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In Independence Day 2: Resurgence, When the mothership landed, it seemed that gravity was displaced over a wide area. It landed somewhere in the Atlantic Ocean, but gravity was temporarily nullified, or even reversed, as far east as New York City.

  1. Why did gravity become nullified or reversed? Was it an alien weapon?
  2. Why did everything fall to ground after rising about half way from the ground to the ship, as the ship descended further?
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According to Newton's Law of Universal Gravitation (NLUG),

        m_1 * m_2
F = G * ---------
           r^2

F is the force between the masses;
G is the gravitational constant (6.674×10^−11 N · (m/kg)^2);
m1 is the first mass (assume it is the earth)
m2 is the second mass (assume the alien's ship)
r is the distance between the centers of the masses.

The earth has a mass of 5.972×10^24 kg and a radius of 6,371 km. The Crust of the earth is the first 5 to 70 km of that radius, and 1% by volume, composed mostly of Oxygen (46.6%), Silicon (27.7%), Alumnium (8.1%), and Iron (5.0%). All the other elements in the crust make up the remaining 12.6%. Because Oxygen and Silicon are so prevalent, 60% of it is Feldspar, a group of rock-forming minerals.

So why does the geology of the earth really matter? I'll get to that in a bit.

NLUG would state that what happened in this film would not happen especially if it was designed to grab into the earth like a claw one of those claw arcade machines. (I would imagine Roland Emmerich will provide a much more scientifically closer to physics when he releases a future film he is working called Moonfall.) But the aliens are such hams because they could have just grabbed the nearest asteroid and been so much more effective at destroying the earth.

Let us assume that the mass of the space ship is much, much greater than the earth despite its size. That it was made out of heavier elements than the ones I mentioned, especially since Iron has the largest atomic number in that list (26) and the heaviest of the metals in than list of about 55.845 amu or 9.2732796×10^-26 kg.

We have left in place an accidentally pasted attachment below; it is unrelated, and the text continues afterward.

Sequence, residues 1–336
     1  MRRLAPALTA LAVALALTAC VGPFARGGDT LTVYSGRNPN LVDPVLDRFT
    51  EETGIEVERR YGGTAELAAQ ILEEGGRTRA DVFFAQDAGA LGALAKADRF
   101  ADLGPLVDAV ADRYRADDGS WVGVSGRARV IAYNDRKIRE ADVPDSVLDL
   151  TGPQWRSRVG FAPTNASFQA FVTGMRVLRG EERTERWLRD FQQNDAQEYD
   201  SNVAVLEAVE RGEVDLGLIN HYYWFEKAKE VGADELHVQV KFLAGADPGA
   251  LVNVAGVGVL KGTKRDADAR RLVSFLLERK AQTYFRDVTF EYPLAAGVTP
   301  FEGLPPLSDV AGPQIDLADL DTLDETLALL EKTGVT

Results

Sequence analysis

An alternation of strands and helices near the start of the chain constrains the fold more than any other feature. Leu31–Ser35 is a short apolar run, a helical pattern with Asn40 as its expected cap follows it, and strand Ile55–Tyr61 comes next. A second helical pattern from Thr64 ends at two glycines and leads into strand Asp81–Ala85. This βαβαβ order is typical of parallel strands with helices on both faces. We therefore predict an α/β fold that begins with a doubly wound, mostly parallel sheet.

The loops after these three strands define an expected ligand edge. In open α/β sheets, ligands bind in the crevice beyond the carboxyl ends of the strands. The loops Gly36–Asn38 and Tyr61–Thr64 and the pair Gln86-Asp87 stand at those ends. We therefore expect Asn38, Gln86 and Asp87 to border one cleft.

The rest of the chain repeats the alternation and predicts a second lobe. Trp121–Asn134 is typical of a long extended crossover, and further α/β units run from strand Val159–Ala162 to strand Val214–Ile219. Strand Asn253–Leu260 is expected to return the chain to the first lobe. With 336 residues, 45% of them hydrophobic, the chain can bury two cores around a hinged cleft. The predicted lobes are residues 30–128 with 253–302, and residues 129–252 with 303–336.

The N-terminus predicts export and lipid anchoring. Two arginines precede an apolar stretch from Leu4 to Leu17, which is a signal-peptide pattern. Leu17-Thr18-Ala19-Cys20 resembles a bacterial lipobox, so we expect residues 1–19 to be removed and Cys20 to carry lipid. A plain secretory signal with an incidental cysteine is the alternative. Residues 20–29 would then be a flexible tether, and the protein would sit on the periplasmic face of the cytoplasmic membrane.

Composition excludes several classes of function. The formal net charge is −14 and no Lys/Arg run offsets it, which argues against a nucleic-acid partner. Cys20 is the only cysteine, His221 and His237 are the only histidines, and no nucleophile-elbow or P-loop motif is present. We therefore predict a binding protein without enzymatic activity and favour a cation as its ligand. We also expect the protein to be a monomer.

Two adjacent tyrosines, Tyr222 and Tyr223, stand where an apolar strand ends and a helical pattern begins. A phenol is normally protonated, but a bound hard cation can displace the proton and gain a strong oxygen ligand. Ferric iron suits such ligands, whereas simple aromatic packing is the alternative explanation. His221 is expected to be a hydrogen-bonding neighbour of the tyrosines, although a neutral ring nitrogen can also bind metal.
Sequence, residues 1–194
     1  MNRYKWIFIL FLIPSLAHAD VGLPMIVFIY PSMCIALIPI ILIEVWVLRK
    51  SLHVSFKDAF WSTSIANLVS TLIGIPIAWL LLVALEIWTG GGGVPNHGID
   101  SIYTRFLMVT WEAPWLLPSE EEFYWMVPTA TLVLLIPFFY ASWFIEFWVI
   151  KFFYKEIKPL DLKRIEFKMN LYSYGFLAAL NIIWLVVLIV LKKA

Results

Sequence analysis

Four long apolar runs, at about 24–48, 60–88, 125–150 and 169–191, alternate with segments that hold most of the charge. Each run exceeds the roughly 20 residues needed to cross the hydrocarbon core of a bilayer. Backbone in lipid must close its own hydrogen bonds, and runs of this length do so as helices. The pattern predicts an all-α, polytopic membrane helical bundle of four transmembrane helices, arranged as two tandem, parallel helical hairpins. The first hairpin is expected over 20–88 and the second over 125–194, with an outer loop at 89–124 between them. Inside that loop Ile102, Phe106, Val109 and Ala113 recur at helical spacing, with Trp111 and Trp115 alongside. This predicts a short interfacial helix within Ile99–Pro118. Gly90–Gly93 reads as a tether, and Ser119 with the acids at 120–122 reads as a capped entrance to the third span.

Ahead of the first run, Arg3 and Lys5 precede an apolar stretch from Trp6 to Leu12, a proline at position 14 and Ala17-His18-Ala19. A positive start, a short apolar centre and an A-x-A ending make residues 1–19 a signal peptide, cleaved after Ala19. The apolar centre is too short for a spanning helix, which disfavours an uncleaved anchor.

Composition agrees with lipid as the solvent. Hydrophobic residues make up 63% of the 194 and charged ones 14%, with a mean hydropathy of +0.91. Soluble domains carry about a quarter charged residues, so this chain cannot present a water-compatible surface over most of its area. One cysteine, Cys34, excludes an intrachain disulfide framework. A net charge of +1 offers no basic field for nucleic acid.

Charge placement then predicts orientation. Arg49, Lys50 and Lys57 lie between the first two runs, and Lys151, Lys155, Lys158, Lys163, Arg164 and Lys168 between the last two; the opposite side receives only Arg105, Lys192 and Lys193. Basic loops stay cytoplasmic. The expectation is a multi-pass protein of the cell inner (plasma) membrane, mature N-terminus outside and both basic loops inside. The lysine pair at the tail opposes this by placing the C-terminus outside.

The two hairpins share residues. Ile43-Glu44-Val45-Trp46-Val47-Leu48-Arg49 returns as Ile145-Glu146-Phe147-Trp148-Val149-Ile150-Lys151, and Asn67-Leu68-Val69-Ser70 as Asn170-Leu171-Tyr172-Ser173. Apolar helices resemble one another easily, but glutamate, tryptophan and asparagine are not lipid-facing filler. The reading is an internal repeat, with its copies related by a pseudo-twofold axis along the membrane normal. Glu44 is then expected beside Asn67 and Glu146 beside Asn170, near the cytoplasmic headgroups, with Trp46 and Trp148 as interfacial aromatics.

I mean, if you really want to slam into the earth without obliterating it first, you would clearly need to manually slow down enough to avoid crashing into it. With the asteroid however, that is not an option. Once the asteroid hits earth, it is game over.

But the aliens appeared to be kind enough to want to save us from your standard ELE (Extinction Level Event) Asteroid. No, they wanted to really let us have it (as if they could win anyway because Hollywood likes that kind of ending).

So how would the aliens succesfully reverse gravity? They would need to create a mass much greater than the earth. They would also need to adjust the thickness of their ship to have a radius greater than or equal to the earth's. Basically, after crashing into earth, they would need to crash another space ship, and another space ship, and another space ship, and so on until things began falling up.

And as David Levinson (Jeff Goldblum) stated "what goes up, must come down", so to reverse the reversal and have stuff just crash back into earth, those other spaceships on top of that spaceship would need to quickly get off of that one.

In the end, for an alien race trying to show they are much more dominant than humans because of all the technology they created, they are pretty stupid. An all it would take is an asteroid crashing into the biggest mother ship they have. Let's hope that the humans engineer something like that in Independence Day 3 so we don't have to deal with them ever again!

If it was good enough for the aliens that attacked earth in Starship Troopers, it would be good enough for the humans in ID3.

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    Because the ship is a lot closer to the surface than the core of the Earth, the mass can be much less. If we guess that the center of mass of the ship is 1000 miles (1/5 Earth's radisu) from the surface, then it can be 1/25 the mass and still make neutral gravity at the surface. I don't have any screenshots to go off, so it could've been a lot closer. – Austin Jun 26 '16 at 23:52
  • I think @Austin is on to something! – Theodore R. Smith Jun 27 '16 at 18:20
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    Some of the rantier bits of this answer are largely irrelevant to the question at hand, especially since the aliens didn't even want to destroy earth right away, rather than drill into it towards the core. So I don't see the relevance of the meandering asteroid talk so much. – Napoleon Wilson Jul 19 '16 at 11:57

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